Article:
Learn Functional Programming by Building a Spreadsheet - Step 31

Tell us what’s happening:

The code doesn’t work, although it should work.

“Now you need to check if the value does not include the id of the element. Create an if condition to do so.”
My solution:
if (!(value.toUpperCase().includes(element.id))) {}

I am absolutely sure that the code works, I checked it through the console. But the test fails.

I also tried the solution through RegExp, with the same “success”.
if (!(RegExp(\\b${element.id}\\b, ‘i’).test(value))) {}

Your code so far

<!-- file: index.html -->
<!DOCTYPE html>
<html lang="en">
    <meta charset="utf-8" />
    <meta name="viewport" content="width=device-width, initial-scale=1" />
    <link rel="stylesheet" href="./styles.css" />
    <title>Functional Programming Spreadsheet</title>
    <div id="container">
    <script src="./script.js"></script>
/* file: styles.css */
#container {
  display: grid;
  grid-template-columns: 50px repeat(10, 200px);
  grid-template-rows: repeat(11, 30px);

.label {
  background-color: lightgray;
  text-align: center;
  vertical-align: middle;
  line-height: 30px;
/* file: script.js */
const isEven = num => num % 2 === 0;
const sum = nums => nums.reduce((acc, el) => acc + el, 0);
const average = nums => sum(nums) / nums.length;

const median = nums => {
  const sorted = nums.slice().sort((a, b) => a - b);
  const length = sorted.length;
  const middle = length / 2 - 1;
  return isEven(length)
    ? average([sorted[middle], sorted[middle + 1]])
    : sorted[Math.ceil(middle)];

const spreadsheetFunctions = {

const range = (start, end) => Array(end - start + 1).fill(start).map((element, index) => element + index);
const charRange = (start, end) => range(start.charCodeAt(0), end.charCodeAt(0)).map(code => String.fromCharCode(code));

window.onload = () => {
  const container = document.getElementById("container");
  const createLabel = (name) => {
    const label = document.createElement("div");
    label.className = "label";
    label.textContent = name;
  const letters = charRange("A", "J");
  range(1, 99).forEach(number => {
    letters.forEach(letter => {
      const input = document.createElement("input");
      input.type = "text";
      input.id = letter + number;
      input.ariaLabel = letter + number;
      input.onchange = update;

// User Editable Region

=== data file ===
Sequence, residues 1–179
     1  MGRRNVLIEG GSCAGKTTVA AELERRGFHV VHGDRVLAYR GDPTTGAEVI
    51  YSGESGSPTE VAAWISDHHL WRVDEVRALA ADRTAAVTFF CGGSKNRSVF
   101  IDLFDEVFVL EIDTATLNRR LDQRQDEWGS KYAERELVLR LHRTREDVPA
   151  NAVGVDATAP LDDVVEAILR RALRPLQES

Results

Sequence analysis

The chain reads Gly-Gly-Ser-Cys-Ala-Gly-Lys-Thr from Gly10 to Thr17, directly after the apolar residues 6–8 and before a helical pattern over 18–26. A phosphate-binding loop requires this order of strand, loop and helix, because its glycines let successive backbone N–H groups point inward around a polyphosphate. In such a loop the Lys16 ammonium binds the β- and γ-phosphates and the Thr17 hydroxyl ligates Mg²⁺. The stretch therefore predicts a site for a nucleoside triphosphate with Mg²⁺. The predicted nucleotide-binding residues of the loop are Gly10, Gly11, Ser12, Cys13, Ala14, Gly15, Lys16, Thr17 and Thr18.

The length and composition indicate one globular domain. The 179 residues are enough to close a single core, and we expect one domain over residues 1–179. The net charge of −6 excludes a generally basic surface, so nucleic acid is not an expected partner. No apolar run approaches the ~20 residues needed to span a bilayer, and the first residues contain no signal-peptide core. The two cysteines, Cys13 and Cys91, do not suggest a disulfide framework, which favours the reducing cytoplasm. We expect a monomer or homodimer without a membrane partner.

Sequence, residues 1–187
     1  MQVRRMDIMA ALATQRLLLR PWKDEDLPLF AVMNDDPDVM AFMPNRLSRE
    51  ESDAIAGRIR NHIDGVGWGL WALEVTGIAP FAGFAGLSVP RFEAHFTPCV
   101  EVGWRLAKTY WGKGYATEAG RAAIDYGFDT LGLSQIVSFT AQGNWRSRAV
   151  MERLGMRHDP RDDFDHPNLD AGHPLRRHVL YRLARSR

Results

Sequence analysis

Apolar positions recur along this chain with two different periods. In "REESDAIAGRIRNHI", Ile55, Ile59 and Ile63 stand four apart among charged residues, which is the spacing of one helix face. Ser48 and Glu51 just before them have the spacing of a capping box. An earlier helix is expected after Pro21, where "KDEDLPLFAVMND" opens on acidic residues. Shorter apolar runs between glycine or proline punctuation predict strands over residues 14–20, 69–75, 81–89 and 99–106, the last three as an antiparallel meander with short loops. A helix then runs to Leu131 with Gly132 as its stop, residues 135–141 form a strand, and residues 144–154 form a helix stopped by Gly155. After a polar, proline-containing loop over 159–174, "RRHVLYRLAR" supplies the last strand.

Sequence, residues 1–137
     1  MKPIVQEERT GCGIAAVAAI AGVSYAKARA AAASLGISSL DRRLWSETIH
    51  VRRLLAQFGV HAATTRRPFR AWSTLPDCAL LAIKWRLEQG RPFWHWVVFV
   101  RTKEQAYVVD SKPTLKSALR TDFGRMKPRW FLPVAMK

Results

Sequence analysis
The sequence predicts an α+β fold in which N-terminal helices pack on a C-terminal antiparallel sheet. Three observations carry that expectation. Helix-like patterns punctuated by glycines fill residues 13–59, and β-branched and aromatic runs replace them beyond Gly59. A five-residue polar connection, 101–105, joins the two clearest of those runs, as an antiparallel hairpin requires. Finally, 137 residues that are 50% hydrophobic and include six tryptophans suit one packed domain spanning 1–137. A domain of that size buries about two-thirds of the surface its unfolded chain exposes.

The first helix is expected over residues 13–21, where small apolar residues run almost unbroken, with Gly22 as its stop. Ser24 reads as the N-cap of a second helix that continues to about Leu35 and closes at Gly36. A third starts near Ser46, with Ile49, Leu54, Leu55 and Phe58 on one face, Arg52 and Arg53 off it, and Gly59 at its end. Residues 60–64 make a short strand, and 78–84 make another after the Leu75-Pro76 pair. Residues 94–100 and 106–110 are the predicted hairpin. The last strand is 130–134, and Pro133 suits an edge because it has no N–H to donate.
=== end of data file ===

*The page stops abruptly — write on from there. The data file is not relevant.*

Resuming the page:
const update = event => {
  const element = event.target;
  const value = element.value.replace(/\s/g, "");
  if (!(value.toUpperCase().includes(element.id))) {}

// User Editable Region

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Challenge Information:

Learn Functional Programming by Building a Spreadsheet - Step 31

Hi there and welcome to our community!

Why are you using toUpperCase() in this step?

HI! First I tried without uppercase, but it didnt work too.

if (!(value.includes(element.id))) {}

You have an unnecessary pair of parentheses immediately after the !. Remove that and its pair and your code should pass.

1 Like

It works, thanks a lot!

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I mean, the ids are uppercase.

I’m not sure if this check is ever explained or not. This might be a bug, or I just don’t understand the check.

I would guess the point is that you can call the functions on cell values, but not if the call contains the cell with the function call?

=sum(a1, a2) -> 20
=sum(a1, a3) -> undefined (and Potential infinite loop in console)

If you do use toUpperCase that doesn’t happen.

Edit: Can someone confirm that I’m not crazy and that this is a bug?

Because if it is, it should be fixed.

I opened an issue for it.

1 Like

In the process, I discovered another bug - if, for example, cell A3 contains a formula with A33, then the check will show an error, although such an expression is completely legal. In the topic, I proposed a solution through RegExp, which correctly deals with this case (and with Uppercase, too).
if (!(RegExp(`\\b${element.id}\\b`, ‘i’).test(value))) {}

Apparently, the point is that this is a simplified training example that does not claim to be complete.

Can you give an example of this? I don’t think I understand.

A3 = 10
A33 = =sum(1, a3) -> 11

A3 = =sum(1, a33) -> 11
A33 = 10

Well, that doesn’t mean the if statement logic from this step isn’t a bug that should be fixed.

A3 = =sum(1, a33) -> 11
A33 = 10

Right here - formula for A3 is correct, but the condition will show error (because cell value contains own id = “A3”)

But you said A3 and A33, I don’t get it?

I realize the function can’t contain its own cell reference, that is what this bug is about.

I wanted to point out that it is possible that the check that the formula contains a reference to itself may fail. But I may be complicating things too much.

let value = "=sum(1, A33)";  // Value in cell A3
if (!value.includes("A3")) {} // Will return false, meaning the cell contains its own reference. But it doesn't.
1 Like

i wonder if using the word boundary escaped character would work! I will bookmark this and go back to it on Monday

Oh, now I get what you are saying. That makes sense, includes would find “A3” in “A33” so the check wouldn’t work.

I have updated the issue to include this (no pun intended).